The election and reconciling Aboriginal Title

The election on June 28 may have a big impact on First Nations in BC. Except for photo ops on National Aboriginal Day showing all the party leaders drumming with First Nations in whatever province they happened to be touring in, Aboriginal issue have been largely absent form the election.

However, who wins power in the upcoming election may have an impact on the future of Aboriginal relations with the Crown, including the ongoing treaty talks.

Many fear that the election of a Conservative government could end up further hamstringing already deteriorating relations with First Nations.

Columnist Paul Willcocks recently wrote that Stephen Harper becoming Prime Minister means “Successful talks look less likely, and the chance of blockades and lawsuits increases.”

Why the fear? Well, the Conservatives do not mention BC treaties in its platform and Tom Flanagan, probably Conservative leader Stephen Harper’s closest policy adviser, is viewed as an unsympathetic to the treaty process and Canada’s aboriginal communities. .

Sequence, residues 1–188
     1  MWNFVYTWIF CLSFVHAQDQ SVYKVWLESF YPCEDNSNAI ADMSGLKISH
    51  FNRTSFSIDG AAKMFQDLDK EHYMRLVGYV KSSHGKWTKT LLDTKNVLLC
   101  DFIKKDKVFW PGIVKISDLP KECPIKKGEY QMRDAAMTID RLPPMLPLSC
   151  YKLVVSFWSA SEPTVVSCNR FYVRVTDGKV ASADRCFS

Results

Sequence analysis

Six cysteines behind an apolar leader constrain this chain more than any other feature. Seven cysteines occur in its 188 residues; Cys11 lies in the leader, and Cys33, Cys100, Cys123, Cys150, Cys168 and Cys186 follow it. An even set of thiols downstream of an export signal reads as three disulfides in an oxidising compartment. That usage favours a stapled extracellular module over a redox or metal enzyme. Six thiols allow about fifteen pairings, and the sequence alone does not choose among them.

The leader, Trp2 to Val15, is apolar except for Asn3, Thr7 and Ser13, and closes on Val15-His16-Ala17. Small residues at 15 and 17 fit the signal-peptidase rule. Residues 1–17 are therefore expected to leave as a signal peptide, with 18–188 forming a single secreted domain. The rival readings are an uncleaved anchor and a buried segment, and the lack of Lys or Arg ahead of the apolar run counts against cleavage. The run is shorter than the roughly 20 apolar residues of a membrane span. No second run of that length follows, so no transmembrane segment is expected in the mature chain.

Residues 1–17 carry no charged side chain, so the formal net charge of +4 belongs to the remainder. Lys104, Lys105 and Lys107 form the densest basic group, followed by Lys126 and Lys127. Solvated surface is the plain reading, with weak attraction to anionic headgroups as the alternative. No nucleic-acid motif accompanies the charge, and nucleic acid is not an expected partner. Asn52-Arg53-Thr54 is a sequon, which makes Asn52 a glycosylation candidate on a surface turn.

Flanagan, who would be expected to have a senior role in a Harper government, has attacked First Nation attempts to acquire control of land. He also rejects the use of the term “First Nations” as he says they do not qualify as “nations.” He is viewed as an assimilationist that promotes private, not collective ownership, of land and resources.

At best Mr. Flanagan’s views on Aboriginal Title and Rights are simplistic, at worst , they are dangerous.

Relations with the provincial Crown are already deteriorating, a Harper government could further frustrate negotiations. If the federal government attempted to implement Flanagan’s advise, strong First Nation opposition would be inevitable.

Individually, and collectively through organizations like the Title & Rights Alliance, First Nations would ratchet up pressure through lawsuits, blockades and financial pressure campaigns attacking “certainty.”.

Virtually all British Colombians, including Aboriginal leaders and the business community, believe that negotiations are the best approach to resolving the “land question.” However, to date both the provincial and Federal Crowns haven’t had the courage to meaningfully address the myriad issues necessary to move forward.

The election of a Harper-led government in Ottawa makes is it even less likely.

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